KARACHI: Stocks snapped two-week losing streak in the outgoing week and recovered 620 points (1.5 per cent) to close at 40,807. There was nothing fascinating that turned the tables on bears, but investors “churning” shares with most engaged in day trading and switching quickly from one to the other sector. That turned out bumper average daily traded volume that shot up by 63pc week-on-week to 280 million shares.
The spike in new Covid-19 cases that jumped to 3,000 a day — almost four times after several months and high daily death rate spooked investors who avoided taking long positions as they feared imminent lockdowns; cut in business and industrial activity with their impact on the corporate bottom lines.
The closure of educational institutions, limiting business timings and ban on indoor gatherings, lent credence to that fear. But prime minister’s categorical announcement that economy would not be shutdown, instilled some confidence in the market.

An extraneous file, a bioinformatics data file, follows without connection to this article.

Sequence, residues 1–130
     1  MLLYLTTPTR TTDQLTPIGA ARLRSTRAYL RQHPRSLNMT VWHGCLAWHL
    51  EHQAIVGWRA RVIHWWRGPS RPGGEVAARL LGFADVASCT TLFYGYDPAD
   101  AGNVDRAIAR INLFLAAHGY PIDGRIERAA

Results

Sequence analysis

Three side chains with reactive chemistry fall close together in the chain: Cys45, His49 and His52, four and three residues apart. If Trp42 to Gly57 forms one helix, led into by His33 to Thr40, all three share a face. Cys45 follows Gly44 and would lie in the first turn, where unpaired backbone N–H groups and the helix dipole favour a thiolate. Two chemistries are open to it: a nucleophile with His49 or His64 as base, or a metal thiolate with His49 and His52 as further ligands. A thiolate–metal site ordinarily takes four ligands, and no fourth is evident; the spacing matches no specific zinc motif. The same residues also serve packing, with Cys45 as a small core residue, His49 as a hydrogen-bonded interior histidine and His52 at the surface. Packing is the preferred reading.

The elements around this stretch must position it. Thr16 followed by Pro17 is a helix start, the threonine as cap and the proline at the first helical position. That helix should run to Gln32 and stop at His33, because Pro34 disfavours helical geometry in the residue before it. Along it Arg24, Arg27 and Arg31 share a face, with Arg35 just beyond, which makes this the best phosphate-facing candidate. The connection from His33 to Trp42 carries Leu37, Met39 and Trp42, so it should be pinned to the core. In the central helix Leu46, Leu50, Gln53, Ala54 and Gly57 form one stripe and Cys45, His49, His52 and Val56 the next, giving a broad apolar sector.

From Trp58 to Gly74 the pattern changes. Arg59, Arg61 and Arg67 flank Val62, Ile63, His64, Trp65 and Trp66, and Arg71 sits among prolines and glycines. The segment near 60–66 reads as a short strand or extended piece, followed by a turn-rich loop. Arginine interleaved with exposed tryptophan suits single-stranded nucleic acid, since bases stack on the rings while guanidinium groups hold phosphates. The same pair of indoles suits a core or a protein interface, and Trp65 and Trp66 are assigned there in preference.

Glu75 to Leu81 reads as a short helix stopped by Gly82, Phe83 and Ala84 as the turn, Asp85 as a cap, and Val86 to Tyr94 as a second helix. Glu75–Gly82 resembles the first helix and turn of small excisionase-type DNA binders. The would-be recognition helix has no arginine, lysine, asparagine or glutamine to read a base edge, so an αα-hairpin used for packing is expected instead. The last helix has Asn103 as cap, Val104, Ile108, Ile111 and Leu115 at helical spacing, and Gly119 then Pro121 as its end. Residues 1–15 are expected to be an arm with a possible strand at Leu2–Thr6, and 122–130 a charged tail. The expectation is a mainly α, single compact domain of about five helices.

The appreciation in the value of the rupee against the dollar and growth in the State Bank’s foreign exchange reserves, which surged by $484m to reach $13.4 billion were also major positives.
Early in the week, investors were attracted to the index-heavy exploration & production stocks: Oil and Gas Development Company, Pakistan Petroleum and Pakistan Oilfields which had sunk to attractive levels.
The global markets also spiked with Dow Jones Industrial Average scaling past the 30,000 level for the first time ever. Investors’ sentiments were boosted by the news flow that promised an early arrival of Covid-19 vaccine with 94pc efficacy rate. Money managers started to re-rate the equities as they reckoned that the world economies would be able to stave off the blow of a slowing growth. That sparked a rally in international oil prices.
On the last day of the week, E&Ps at the Pakistan market fell out of favour ahead of the OPEC+ meeting where oil-dependent economies were thought to disagree over the production cut.
Some market men were also crediting the early week rally to the SBP decision to keep policy rate unchanged at 7pc for the next two months. They said that the rejuvenation in energy stocks owed itself to the recommendations of dividend-based formula to be used to clear the outstanding circular debt. The appreciation of the rupee against the dollar and the SBP’s forex reserves rising to over $13bn were major positives.
On the flip side, investors were worried over the International Monetary Fund asking for hike in electricity and gas tariffs to resume talks on the IMF programme.